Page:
Fantastic summary ! If I were Modi I would be worried. Unthinkable few months back but a reality today. The dilemma presented to AAP is fascinating to say the least. Press home the momentum for a national footprint and risk erratic unstrucutred growth or consolidate a spectacular chapter. My view is that the ideological space and the unique positioning occupied by AAP is not only unique but also unreplicable by in the short and medium term by either cong or bjp. They will likely continue to be not only different but also game changing party that has a 100% probability to gain an unequalled strength in the country. There is nothing to be gained from hurry, because neither is their unique advantage under threat nor is this the last election. Erratic and uncontrolled growth on the other hand could be a risk for the quality of the campaign which is really their USP

No Mist said...

A look at some numbers would not be unwelcome here.

Out of each 100 voters of AAP, roughly 50 came from those who would have otherwise voted for others. Roughly 30 were Congress supporters and 20 were BJP supporters.

"Others" roughly comprise of SP/BSP/JDU/Left.

I reckon this proportion would more or less hold true in most of the places AAP is likely to contest. If at all, it will be even more skewed against others and congress than it was in Delhi. In highly rooted cities like Mumabi and Lucknow, the 50-30-20 ratio could realistically skew to as much as 55-35-10. Where BJP is not much of a force (like in hyderabad), the place of BJP would be taken by the likes of TDP/AIADMK/BJD/TMC.

Now let us look at the absolute number of votes AAP is likely to garner. I am not wrong in assuming that the most generous assessment would not exceed 15% of popular vote in North India and 10% in south India. And that too in mostly Urban centers. Let me be even more generous and assume 20% for the purpose of estimating the maximum damage that can come to BJP.

Out of this 20%, BJP's loss would be 4%, Congress' loss is 6%, Others loss is 10%. (Assuming the worst case scenario of 50-30-20 ratio). Now look at the cities where Congress had emerged winner in 2009. Let me assume further that there will be a natural swing of at least 3% away from Congress. For the worst case situation let me assume that none of it goes to BJP. Since AAP would cause a 2% gap between Congress and BJP by it's mere presence. So it follows that wherever the BJP lost by less than (3+2=) 5% margin to Congress, it is highly likely that BJP would win that seat.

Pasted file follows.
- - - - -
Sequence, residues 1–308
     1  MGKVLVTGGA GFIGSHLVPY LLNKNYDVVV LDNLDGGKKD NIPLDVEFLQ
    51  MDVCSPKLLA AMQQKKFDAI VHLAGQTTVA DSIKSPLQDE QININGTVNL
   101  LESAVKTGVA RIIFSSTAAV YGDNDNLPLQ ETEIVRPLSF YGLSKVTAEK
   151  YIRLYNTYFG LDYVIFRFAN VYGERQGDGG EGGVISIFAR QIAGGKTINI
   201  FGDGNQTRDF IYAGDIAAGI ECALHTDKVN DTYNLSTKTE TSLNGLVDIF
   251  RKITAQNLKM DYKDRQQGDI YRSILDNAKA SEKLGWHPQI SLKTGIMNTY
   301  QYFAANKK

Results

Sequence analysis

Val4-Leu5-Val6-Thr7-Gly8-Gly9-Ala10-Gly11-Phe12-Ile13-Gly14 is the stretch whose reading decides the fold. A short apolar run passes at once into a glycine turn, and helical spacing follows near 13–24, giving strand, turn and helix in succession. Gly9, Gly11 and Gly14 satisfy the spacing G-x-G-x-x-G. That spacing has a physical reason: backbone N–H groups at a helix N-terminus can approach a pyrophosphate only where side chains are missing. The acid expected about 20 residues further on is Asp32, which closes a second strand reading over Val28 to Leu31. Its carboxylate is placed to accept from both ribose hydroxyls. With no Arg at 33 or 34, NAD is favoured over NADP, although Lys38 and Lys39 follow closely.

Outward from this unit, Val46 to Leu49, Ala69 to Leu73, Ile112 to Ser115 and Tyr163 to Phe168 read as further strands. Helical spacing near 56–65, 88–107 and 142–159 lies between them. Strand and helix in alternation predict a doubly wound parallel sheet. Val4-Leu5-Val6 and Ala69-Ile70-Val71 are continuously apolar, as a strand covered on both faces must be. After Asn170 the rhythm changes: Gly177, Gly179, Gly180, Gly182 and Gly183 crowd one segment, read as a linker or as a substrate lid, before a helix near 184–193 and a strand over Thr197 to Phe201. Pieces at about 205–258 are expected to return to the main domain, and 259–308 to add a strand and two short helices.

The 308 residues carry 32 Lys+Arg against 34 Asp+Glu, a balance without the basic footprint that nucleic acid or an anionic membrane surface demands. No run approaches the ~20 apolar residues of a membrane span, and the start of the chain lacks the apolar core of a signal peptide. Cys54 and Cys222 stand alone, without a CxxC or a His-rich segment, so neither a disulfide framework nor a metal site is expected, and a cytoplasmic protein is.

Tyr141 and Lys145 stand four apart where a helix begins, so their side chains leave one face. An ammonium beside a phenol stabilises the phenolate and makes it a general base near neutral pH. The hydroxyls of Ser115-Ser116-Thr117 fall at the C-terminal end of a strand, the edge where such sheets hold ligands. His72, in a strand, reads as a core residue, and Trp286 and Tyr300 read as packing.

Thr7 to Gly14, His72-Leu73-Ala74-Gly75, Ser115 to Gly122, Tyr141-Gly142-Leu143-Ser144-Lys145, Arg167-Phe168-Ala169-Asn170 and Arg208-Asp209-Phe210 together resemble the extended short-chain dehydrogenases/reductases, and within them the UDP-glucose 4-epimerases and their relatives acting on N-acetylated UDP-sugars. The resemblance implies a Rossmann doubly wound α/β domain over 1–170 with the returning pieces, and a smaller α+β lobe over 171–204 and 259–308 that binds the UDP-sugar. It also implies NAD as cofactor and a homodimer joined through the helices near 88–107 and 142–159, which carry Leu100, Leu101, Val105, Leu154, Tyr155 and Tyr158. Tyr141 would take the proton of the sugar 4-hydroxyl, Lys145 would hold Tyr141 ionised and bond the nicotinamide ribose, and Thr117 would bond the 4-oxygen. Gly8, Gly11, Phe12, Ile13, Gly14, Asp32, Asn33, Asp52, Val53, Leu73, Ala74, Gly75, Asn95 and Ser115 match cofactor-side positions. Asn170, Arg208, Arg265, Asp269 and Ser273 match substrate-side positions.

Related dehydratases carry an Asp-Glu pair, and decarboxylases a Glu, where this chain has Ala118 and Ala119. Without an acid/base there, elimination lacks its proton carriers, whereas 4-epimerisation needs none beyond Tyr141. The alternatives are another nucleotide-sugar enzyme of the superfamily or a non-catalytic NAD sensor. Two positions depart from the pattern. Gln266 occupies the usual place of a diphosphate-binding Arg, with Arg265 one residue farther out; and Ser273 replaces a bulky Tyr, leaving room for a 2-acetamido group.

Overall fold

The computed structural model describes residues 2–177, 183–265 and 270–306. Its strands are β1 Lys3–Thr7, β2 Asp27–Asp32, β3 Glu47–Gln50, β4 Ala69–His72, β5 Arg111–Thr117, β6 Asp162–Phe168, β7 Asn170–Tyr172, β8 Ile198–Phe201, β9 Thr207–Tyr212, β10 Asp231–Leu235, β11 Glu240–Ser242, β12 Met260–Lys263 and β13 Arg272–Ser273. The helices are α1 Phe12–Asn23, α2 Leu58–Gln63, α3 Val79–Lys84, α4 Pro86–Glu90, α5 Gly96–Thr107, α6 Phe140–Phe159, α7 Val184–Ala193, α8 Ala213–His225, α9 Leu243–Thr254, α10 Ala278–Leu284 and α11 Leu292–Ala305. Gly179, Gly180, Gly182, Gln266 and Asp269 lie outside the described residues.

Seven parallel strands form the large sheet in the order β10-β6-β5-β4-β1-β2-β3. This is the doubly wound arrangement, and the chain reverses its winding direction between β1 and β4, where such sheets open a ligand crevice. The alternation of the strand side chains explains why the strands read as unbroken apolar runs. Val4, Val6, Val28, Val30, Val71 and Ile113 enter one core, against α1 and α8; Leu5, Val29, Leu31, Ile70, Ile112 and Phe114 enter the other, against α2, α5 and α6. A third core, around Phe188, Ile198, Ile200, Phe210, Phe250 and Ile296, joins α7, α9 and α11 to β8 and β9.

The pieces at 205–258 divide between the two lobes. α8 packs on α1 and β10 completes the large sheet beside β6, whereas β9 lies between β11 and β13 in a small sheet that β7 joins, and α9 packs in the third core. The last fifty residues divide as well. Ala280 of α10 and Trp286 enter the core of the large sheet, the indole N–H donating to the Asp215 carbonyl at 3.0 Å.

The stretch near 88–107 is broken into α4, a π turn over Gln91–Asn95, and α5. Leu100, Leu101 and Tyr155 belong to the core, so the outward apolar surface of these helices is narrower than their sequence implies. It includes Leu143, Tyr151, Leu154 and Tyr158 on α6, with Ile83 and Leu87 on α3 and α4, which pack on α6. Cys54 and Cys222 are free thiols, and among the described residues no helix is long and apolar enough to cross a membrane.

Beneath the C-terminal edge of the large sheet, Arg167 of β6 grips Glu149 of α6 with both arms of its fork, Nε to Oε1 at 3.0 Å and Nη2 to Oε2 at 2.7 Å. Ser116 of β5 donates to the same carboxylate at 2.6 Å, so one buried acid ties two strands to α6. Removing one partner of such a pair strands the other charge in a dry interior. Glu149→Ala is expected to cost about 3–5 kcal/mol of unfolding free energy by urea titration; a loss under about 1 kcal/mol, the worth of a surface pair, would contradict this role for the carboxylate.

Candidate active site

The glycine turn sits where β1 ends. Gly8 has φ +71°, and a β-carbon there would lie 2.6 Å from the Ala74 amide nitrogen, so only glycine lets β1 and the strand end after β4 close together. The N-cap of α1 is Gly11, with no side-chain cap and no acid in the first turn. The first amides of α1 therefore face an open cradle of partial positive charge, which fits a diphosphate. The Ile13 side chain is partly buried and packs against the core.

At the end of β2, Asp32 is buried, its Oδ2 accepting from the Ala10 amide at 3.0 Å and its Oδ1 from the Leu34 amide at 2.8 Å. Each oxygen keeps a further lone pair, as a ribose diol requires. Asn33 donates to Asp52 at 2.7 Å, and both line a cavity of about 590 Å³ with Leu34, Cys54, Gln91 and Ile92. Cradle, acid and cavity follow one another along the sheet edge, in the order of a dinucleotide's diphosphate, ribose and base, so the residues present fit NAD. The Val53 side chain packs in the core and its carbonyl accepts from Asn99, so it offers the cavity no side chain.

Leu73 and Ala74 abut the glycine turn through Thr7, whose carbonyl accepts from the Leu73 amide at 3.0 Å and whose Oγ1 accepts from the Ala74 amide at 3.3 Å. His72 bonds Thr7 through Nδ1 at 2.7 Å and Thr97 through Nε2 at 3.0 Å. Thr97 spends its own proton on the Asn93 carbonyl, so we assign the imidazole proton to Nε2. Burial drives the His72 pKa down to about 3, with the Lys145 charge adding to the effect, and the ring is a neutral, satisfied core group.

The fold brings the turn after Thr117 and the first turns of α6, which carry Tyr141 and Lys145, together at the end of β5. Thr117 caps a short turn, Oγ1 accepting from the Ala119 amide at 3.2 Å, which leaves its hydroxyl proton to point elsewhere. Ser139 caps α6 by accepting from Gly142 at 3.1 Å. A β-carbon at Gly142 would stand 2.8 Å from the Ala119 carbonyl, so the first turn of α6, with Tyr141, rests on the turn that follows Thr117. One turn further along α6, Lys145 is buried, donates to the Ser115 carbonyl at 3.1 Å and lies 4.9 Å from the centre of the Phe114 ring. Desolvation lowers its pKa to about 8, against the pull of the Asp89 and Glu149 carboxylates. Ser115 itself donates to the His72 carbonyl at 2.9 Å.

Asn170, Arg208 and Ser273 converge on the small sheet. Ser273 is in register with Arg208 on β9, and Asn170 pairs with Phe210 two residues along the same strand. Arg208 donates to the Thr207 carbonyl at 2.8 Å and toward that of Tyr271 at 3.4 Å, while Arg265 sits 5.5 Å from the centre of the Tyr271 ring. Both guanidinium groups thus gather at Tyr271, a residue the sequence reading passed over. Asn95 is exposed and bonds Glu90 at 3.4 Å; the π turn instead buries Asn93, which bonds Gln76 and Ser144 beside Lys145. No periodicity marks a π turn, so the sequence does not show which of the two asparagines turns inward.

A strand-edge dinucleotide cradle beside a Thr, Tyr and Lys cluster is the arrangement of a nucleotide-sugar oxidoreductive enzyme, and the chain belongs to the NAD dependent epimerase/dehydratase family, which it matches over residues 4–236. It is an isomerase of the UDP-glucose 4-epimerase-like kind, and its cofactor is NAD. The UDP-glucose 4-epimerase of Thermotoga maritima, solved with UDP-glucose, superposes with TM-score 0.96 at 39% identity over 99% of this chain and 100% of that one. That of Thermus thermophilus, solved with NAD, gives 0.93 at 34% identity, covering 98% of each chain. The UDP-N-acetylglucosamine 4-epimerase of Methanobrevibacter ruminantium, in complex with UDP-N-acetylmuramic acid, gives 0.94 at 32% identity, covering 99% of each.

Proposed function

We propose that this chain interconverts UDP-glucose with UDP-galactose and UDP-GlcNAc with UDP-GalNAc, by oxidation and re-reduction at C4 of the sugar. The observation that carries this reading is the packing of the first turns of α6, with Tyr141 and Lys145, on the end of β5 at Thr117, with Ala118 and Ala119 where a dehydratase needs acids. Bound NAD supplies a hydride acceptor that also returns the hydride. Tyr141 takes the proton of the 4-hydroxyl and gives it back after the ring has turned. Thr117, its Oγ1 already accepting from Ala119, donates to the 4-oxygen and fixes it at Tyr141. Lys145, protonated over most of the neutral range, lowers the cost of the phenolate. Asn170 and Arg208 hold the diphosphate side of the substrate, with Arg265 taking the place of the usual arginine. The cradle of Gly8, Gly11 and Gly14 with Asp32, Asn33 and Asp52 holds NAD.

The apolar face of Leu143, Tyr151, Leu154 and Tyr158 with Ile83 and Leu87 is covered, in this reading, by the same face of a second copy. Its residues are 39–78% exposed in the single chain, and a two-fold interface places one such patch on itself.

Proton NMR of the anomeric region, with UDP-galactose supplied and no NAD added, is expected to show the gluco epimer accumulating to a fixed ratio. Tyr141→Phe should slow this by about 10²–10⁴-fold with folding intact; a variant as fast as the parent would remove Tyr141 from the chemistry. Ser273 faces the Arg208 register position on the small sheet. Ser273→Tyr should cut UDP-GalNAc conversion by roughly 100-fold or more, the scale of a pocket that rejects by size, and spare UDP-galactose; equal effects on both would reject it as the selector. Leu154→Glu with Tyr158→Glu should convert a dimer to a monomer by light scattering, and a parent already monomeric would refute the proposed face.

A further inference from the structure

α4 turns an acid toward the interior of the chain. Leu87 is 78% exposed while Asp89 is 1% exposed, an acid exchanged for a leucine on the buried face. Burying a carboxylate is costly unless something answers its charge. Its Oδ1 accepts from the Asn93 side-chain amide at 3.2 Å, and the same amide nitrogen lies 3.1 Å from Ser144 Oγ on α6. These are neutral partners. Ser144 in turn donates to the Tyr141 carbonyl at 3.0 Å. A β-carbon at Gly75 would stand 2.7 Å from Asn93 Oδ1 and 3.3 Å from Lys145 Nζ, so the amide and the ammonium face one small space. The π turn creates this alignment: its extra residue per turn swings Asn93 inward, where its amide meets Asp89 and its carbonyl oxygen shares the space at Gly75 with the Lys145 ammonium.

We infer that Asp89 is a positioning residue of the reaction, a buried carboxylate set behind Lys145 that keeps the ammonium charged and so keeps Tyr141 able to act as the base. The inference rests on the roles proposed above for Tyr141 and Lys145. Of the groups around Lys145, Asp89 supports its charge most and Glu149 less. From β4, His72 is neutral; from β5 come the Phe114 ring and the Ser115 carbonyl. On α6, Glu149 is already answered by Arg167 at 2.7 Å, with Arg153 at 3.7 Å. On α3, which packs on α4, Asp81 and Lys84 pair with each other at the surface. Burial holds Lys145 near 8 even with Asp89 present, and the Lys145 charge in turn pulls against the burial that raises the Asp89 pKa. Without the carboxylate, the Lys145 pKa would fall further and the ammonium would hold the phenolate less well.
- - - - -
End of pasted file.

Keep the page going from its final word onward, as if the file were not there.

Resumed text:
I have done a worst case scenario. Realistically, AAP would cause (3.25+3.75=) 7% difference between BJP and Congress. I do not need to say that this is a catastrophic gap.

IN the absence of AAP this difference ranges from 3% to 6% in those seats where BJP has a stronger chance. Where BJP has not so strong chance, this difference ranges from -4% to -1%.

It is clear that AAP is only accentuating the difference in favor of BJP.

Suggestion to BJP :: Modi/BJP should keep on doing what they are doing. They should take little note of AAP/Kejriwal. By refusing to react against them, they make sure that AAP takes up more of the anti-BJP space which is currently occupied by Congress and this causing even more damage to Congress.

Suggestion to Congress :: withdraw support to AAP in Delhi assembly immediately. This way a fresh election would be announced at the same time as LS polls. This tactic would ensure that AAP would be totally tied to Delhi for the next five months. Fear of Modi's vote propelling Harshvardhan would force Kejriwal to keep his anchors within Delhi. Even though Congress may still not win Delhi assembly, they cannot really go much lower than 8 out of 90 - they have already bottomed out and have nothing to lose. But by preventing AAP to go national, they could save some of their votes outside Delhi.


Caveat : For the above numbers, I have assumed AAP gets a popular vote of 15-20%.

1. If they win much less than this (say ~5%), their effect would be negligible. In this case we shd ignore AAP.

2. If they win much more than this (say in excess of 30%) they may turn out to be the winner even after causing a huge difference in BJP vs Congress votes.

Unknown said...

As far as the media is concerned I think in aap they see an opportunity in furthering their ability to peddle influence in the corridors of power. Kejrivals political opportunism emboldens that view.

As far as BJP and Modi is concerned, urgent actions have to be taken to benchmark current mood against that prevailed in Rajasthan and Delhi before and in the immediate aftermath of the recent elections. It is imperative to quantify the Kejrival impact post government formation in Delhi. This exercise will certainly help BJP and mr. Modi in streamlining the 2014 poll strategy.